Family owned businesses (“FOBs”) are big contributors to the NZ economy, and there are many examples in our own community. Those families involved will know how much work and sacrifice goes into creating a business, and it always seems a shame to me to see the number that don’t survive to the next generation. There are exceptions of course, but my perception is that an inability to pass on the family business is an increasing phenomenon.
Particularly at this time, with many baby boomers wanting to retire or slow down, business ownership and management succession is becoming a widespread challenge.
Surveys have shown that in NZ, family-owned businesses don’t last as long as their counterparts in other countries such as Australia, Britain and the USA.
When I first began studying family business 20 years or so ago, I became envious of the strong survival rates in Australia. So, it was sobering to read the results of a recent Australian survey that concluded that: “Perhaps the most disturbing factor evident across the past 4 surveys is the bleak outlook for family business owners. There have been dramatic increases in the percentage of owners who are not only concerned for the future of the business, but who also have concerns about the financial performance of their business.”
Since I last wrote about this subject a couple of years ago, as a firm PKF Francis Aickin Ltd have been involved in a number of family business successions. And I’m sorry to have to say that handing on the family business is not becoming any easier. Why is this?
We see several fairly consistent trends. Probably the most significant of these arises from the mobility of the younger generation. Ironically, that mobility will often have been created by travel and education that the family business may have enabled, or at least contributed to. However that has happened, what we now find is less acceptance that taking over the family business is a natural thing for the younger generation to do. By the time Mum and Dad want to start extricating themselves, the next generation has often made their own way in life, and frequently does not regard continuity of the family business as an important thing to do.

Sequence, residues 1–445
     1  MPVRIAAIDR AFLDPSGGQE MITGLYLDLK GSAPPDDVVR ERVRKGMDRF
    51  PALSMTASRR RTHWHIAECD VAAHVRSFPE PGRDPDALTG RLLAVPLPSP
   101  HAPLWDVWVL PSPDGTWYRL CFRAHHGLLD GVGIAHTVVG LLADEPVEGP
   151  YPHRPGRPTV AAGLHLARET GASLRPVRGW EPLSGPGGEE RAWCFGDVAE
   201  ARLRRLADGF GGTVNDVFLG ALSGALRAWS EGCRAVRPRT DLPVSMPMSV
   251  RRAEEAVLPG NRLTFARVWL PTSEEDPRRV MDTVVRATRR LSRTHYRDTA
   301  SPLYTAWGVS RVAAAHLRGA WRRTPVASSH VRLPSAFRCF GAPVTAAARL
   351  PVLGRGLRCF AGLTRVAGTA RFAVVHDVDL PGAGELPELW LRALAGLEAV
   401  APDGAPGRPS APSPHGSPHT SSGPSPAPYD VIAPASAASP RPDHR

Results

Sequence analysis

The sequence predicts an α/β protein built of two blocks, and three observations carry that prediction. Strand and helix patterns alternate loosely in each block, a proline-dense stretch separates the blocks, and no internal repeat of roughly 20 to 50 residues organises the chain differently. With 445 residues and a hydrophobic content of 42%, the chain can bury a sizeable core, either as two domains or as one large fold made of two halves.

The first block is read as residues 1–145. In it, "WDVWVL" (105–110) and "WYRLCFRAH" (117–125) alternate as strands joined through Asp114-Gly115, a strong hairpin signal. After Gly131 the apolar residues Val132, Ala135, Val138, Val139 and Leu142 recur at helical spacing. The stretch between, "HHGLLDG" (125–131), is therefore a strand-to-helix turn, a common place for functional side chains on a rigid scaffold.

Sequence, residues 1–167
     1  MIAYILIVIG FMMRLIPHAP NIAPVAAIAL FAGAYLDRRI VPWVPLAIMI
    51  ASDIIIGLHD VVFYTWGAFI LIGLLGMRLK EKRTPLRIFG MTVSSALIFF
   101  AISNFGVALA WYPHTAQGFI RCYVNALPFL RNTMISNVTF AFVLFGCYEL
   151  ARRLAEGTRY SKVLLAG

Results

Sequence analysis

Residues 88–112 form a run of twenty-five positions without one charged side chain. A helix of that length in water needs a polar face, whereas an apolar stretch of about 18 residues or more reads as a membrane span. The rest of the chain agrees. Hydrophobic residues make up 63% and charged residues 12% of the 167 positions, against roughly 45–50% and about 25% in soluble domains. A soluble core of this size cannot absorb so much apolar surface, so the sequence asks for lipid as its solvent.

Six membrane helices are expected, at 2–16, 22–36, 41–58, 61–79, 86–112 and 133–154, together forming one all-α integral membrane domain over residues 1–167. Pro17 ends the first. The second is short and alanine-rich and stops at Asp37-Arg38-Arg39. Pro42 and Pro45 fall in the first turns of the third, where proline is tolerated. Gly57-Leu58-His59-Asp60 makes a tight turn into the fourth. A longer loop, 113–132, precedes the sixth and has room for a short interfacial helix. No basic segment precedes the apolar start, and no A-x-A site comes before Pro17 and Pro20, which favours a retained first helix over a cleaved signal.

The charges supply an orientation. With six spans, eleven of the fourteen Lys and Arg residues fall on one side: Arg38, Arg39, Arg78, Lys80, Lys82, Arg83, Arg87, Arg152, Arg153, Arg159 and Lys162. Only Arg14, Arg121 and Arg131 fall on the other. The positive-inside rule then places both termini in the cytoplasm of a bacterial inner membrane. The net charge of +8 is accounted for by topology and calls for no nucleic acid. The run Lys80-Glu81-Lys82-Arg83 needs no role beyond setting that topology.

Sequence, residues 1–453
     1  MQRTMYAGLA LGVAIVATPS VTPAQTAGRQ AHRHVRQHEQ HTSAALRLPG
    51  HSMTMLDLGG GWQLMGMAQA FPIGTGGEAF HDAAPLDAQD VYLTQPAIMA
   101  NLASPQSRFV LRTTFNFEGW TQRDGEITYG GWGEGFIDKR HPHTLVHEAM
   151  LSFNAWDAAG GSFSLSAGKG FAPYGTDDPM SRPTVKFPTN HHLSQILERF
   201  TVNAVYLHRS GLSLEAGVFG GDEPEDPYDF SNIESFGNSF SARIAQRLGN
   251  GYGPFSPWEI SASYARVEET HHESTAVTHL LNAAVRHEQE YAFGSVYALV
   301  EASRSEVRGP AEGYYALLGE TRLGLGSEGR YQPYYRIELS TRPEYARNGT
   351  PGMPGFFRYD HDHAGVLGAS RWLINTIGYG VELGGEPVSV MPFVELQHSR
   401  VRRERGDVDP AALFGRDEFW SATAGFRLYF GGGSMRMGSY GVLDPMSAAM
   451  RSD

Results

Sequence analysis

Another trend we see is a younger generation that has become accustomed to reward for effort now, rather than later. We now live in a world of quick gratification, which makes it hard for Mum and Dad to be paid for the business handed over to the next generation.
In any business handover or sale, whether it be to family, existing employees or outsiders, the earlier the succession is planned, the better the chances of it happening successfully. In order to achieve that, external advice is essential.
However, University of Auckland Business School research suggests that a significant feature of the NZ family business environment is a lack of support for families grappling with the issues they face. In other countries, there are organisations dedicated to providing support to the family business sector, by way of research, education and training, accrediting of family business advisers etc. In NZ, our family business owners frequently have to rely on their own skills, or hunt for advisers who can help them deal with their challenges.
Family business owners facing these challenges need to hunt out advisers that have more than the basic technical skills that lawyers and accountants are good at. They must have good relationship skills, a strong empathy, interest and understanding of both the underlying family politics and the business.